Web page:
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Management Won’t Support What We Are Doing!

For this reason I have put together a range of techniques that will help you to get the attention that your initiative deserves. I stress, these are techniques, not tricks! If you use tricks, then you will have a good level of sales, or credibility, for a short period. But when it runs out it will run out forever! People do not like being tricked.

These techniques are designed to help you exert influence. To help others see your point of view and to put forward programs or plans that have real potential for benefits within your company. They are useful for getting managerial support, but they are also useful when used to implement cultural change initiatives.

There are a few misconceptions about whether the boss will support your initiatives or not. At the end of the day it is more than likely that your boss does not make the budget, he or she just decides where to spend it. They usually make commitments as to where they are going to spend this money during the previous years' budget setting period.

So, if they are going to support you, a decision that will mean will come down to spending money one way or the other, then you are faced with one of two choices. First, make it easy for them to change the spending plans to divert some funds towards what you want to do. Or second, convince then to support you in your proposals to the person who makes the budget. (Whoever that may be)

If you are going to do either of these, and my experience is that the second one is easier, then you are going to have to dramatically change the way you approach the whole thing.

Breakthrough Tip # 1 - What keeps your boss awake at night?
Your boss, (or their boss) doesn't care that TPM will help you create autonomous teams, help with inter-discipline working, or raise the skill levels of the workforce in general. What he cares about are the issues driving the business at that point in time. This is your challenge, find out what is causing the most headaches, work out how asset management can be of benefit in that area, and then place your initiative in this context.

An easy first choice is obviously in the area of cost reduction. Inventory reduction, emergency parts orders, reduction of labor time; all are areas where many initiatives will be able to deliver quantifiable results. Another way to look at this is to look at reductions in unit costs, the ability to produce more from existing physical assets. And what is your part in this? To create increases in reliability at a cost that will support a reduction in the unit costs.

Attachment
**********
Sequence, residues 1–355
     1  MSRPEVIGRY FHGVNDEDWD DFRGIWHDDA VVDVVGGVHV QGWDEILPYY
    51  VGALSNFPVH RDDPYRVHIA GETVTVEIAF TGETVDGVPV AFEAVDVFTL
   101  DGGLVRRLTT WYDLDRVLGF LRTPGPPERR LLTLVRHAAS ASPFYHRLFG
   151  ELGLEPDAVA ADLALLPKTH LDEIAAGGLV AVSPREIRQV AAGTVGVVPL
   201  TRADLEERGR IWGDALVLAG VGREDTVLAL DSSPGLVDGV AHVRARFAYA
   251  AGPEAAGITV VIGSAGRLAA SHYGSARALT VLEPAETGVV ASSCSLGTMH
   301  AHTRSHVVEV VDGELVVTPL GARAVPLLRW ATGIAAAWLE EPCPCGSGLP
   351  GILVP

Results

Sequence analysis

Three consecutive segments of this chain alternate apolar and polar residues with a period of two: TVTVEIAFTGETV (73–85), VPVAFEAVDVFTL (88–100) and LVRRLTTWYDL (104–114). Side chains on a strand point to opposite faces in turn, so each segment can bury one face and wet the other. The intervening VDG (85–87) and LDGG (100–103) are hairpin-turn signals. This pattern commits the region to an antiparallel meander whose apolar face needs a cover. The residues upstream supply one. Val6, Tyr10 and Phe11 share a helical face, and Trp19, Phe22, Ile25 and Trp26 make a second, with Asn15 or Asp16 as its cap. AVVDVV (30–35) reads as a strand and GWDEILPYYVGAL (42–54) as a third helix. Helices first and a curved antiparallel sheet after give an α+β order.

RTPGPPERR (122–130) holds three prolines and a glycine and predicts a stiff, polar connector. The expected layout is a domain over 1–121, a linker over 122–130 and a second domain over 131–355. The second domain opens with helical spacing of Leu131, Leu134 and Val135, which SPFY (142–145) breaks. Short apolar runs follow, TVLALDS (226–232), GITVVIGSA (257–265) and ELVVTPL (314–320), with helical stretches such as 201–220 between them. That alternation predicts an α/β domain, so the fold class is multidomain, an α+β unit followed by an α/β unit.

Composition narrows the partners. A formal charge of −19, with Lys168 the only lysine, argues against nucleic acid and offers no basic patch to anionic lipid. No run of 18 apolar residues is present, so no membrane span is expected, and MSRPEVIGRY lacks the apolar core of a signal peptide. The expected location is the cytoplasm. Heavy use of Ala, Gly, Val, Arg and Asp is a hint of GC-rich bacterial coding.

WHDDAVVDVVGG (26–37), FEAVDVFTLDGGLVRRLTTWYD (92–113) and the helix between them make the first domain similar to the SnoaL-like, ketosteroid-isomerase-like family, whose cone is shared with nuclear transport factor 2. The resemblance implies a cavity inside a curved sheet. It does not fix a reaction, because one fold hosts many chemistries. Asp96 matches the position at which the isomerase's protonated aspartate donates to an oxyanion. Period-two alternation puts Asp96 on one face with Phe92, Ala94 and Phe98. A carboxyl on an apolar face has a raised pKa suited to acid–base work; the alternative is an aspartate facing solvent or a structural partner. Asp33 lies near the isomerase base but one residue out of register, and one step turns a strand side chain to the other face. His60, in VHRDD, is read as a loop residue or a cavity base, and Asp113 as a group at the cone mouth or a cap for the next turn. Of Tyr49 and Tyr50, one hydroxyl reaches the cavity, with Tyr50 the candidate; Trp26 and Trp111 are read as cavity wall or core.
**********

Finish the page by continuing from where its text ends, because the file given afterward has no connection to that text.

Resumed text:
Once you get beyond costs however things get more interesting. Accepted thinking is that all companies are primarily driven by direct costs reductions, thus increasing overall profitability. Not so unfortunately or we would all know what to do by now!

Many of the companies that I regularly deal with are forward looking companies; their management reflects their nature. Complex organizations, faced with complex problems, requiring sophisticated answers. This is where you need to be if you want to get real support.

What is the future for the organization? What added pressures will technology changes bring to asset management? How can you respond to this? What is their forward-looking asset investment profile like? Does anybody even know? What about law changes regarding corporate manslaughter and other legislation that is bearing down on companies in the 21st century? Sarbanes-Oxley is a classic case in point. And there are a range of other issues in these areas depending on what company you work for and where they are based in the world.

Bottom line: Change the way you approach maintenance improvement. Instead of talking about what your idea will do to improve operations, talk about what it will contribute to current business concerns.

Breakthrough Tip # 2 - Enthusiasm is contagious!
I am always amazed at how real enthusiasm, combined with credibility, can light fire to the dullest lectures, speeches, and courses. I find this to be true no matter in what surrounding. A person who shows real enthusiasm for what they are doing, based in a deep held understanding and appreciation of what they are discussing, will infect those that they are speaking to.

Why is this? Because people can see that you are truly inspired by what you are talking about, and they also feel inspired. People want to be positive, they want to look on the bright side, and they want answers to their issues. If you can provide these, then you will move a step closer to realizing your goals of getting more support.